The trickiest part of measure 6 of the Moonlight is remembering the b sharp octave that the left hand plays.
Because the first movement of the Moonlight Sonata is slow, many aspiring pianists think it is easy and are surprised and discouraged because it isn't easy enough.
Sometimes what makes it hard is a gap in knowledge. In this case the gap is easily closed.
This piece uses all 7 white keys and all 5 black keys. In order to understand the notes, understanding what sharps are, and that they can be white keys as well as black ones is critical.
I created a free mini course, Know the Keys of the Piano by Name (click here to get it) to make sure that students know all of the names of the keys of the piano. It is how I start all of my students.
If you already have the first two measures learned, you will notice that the chords change in Measure 3.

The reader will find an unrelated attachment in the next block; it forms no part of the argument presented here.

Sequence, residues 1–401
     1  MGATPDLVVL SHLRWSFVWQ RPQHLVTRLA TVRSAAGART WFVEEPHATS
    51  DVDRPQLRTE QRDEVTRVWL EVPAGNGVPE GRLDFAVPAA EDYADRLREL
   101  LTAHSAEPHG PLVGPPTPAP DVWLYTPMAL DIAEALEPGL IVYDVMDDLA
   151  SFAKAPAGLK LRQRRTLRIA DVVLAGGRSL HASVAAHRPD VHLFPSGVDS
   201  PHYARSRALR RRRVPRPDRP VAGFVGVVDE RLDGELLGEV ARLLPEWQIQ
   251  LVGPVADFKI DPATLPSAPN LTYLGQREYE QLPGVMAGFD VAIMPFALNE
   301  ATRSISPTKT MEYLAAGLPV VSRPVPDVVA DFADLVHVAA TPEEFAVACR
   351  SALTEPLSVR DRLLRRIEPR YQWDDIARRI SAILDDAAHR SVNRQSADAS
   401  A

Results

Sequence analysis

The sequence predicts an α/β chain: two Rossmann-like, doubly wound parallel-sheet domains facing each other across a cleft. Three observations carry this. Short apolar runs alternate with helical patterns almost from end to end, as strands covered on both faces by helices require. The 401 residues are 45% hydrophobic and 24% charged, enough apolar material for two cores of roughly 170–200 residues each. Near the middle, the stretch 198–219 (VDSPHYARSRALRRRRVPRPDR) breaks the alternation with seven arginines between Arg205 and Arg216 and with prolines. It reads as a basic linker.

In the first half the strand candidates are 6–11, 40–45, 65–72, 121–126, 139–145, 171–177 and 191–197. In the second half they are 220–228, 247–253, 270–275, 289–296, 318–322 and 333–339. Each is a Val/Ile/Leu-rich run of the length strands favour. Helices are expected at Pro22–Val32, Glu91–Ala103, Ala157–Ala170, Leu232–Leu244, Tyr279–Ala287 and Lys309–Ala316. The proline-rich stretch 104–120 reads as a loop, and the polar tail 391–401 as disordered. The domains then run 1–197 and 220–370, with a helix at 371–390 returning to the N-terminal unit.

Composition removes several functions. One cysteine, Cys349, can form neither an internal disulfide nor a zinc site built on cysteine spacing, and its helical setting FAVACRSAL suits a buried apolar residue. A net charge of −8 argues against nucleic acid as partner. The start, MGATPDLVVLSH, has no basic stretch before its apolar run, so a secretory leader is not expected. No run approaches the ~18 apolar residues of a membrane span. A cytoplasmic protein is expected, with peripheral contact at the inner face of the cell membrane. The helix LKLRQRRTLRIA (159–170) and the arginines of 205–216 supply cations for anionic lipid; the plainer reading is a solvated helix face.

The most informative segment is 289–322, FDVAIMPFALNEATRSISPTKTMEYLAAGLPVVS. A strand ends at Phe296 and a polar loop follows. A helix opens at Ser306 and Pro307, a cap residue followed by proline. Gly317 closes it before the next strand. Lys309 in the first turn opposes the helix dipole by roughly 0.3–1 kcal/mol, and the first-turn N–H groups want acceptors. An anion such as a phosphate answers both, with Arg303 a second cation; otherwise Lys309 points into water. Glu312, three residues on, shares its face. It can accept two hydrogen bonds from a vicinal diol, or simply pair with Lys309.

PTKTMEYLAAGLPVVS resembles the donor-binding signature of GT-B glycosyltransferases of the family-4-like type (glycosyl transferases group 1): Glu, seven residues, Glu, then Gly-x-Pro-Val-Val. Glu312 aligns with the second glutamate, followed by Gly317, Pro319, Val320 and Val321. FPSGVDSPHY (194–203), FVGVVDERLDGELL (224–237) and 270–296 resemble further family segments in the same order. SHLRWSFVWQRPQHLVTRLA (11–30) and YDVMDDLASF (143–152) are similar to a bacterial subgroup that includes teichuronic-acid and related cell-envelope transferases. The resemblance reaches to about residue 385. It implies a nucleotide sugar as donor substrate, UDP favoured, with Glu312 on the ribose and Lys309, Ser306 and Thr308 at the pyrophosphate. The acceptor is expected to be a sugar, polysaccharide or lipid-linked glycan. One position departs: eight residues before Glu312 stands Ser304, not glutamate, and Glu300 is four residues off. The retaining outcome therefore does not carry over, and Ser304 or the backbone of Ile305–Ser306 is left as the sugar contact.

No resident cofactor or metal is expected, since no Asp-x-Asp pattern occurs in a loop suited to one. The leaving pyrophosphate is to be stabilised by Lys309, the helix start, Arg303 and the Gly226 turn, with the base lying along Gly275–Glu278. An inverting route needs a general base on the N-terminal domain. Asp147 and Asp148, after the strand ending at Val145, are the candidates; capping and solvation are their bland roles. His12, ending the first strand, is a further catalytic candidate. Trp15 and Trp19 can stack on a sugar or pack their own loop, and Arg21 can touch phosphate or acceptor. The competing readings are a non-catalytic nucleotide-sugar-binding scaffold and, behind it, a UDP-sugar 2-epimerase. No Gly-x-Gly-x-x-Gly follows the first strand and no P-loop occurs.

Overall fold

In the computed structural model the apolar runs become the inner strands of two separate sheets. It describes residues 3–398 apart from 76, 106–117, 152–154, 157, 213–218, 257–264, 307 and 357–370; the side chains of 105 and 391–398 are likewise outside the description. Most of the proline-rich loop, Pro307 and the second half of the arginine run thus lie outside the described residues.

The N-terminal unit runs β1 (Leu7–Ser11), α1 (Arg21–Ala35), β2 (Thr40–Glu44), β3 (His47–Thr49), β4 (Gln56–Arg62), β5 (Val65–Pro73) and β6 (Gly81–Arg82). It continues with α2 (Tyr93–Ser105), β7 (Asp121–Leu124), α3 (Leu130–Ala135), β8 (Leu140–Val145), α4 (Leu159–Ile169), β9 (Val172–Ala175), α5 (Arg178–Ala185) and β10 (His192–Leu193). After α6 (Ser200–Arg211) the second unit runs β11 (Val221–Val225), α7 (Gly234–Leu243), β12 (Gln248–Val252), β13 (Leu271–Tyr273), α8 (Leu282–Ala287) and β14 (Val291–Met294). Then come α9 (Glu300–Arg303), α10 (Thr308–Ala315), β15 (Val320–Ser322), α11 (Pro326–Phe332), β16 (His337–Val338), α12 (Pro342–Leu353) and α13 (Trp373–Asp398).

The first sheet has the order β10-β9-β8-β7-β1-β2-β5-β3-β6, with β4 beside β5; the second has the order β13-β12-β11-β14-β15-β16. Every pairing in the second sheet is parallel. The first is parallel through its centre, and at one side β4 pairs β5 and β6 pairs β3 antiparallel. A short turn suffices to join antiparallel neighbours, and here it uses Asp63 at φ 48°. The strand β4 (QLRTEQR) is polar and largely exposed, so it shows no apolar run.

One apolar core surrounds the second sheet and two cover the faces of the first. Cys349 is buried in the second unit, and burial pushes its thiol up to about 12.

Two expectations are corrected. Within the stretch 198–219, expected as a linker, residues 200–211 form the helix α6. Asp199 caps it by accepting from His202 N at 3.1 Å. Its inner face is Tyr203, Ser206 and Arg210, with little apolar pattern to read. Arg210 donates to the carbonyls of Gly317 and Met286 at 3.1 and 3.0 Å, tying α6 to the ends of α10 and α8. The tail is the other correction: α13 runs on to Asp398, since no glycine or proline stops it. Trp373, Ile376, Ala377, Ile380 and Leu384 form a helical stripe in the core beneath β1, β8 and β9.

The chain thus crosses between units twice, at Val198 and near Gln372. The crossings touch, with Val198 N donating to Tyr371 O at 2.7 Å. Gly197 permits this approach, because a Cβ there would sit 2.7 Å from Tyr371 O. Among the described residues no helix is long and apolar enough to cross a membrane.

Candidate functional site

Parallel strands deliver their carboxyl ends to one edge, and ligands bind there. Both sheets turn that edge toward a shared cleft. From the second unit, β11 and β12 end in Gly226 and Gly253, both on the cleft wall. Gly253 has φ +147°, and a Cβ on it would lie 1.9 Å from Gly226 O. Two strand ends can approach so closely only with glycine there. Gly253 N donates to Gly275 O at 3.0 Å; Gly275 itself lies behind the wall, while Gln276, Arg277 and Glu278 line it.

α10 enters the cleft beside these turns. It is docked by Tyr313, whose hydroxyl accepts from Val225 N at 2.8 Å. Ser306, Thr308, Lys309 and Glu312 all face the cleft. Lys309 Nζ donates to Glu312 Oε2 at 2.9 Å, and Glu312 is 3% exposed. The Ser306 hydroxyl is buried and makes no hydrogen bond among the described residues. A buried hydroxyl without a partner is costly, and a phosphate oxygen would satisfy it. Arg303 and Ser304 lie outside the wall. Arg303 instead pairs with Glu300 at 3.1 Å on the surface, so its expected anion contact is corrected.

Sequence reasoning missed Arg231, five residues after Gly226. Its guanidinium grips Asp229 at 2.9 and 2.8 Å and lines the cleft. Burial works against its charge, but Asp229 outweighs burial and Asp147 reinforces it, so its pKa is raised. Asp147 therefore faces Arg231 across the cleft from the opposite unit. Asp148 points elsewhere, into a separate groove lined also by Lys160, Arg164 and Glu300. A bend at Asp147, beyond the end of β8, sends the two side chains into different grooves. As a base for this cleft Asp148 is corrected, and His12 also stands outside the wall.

Gone, at least temporarily are the C sharp minor repeating triads, to be replaced by the A major and D Major chords.
The left hand has double the notes, but going from 2 notes to 4 seems doable.
Notice that the last notes you play are the first notes of the next measure. When you start putting measures together, you will already be playing smoothly over the bar.
If all you had to worry about was learning one measure, could you do it well?
By focusing on fewer notes it is easier to get to know them all. And by clearing the field of distractions- in the case of one measure at a time, you are more able to understand everything.
How do you get from Couch to Concert Hall?
One measure at a time. It's those tiny steps, the little things like knowing each note, knowing every finger, figuring it all out, and then moving to the next measure to repeat the sequence, that will get you where you want to go.
To get you started on learning the Moonlight Sonata, Adagio Sostenuto movement, here's the first measure. Once you get this one, do the next, and the next. One at a time.
If you want all of the measures at once, and the music to go with it, click here.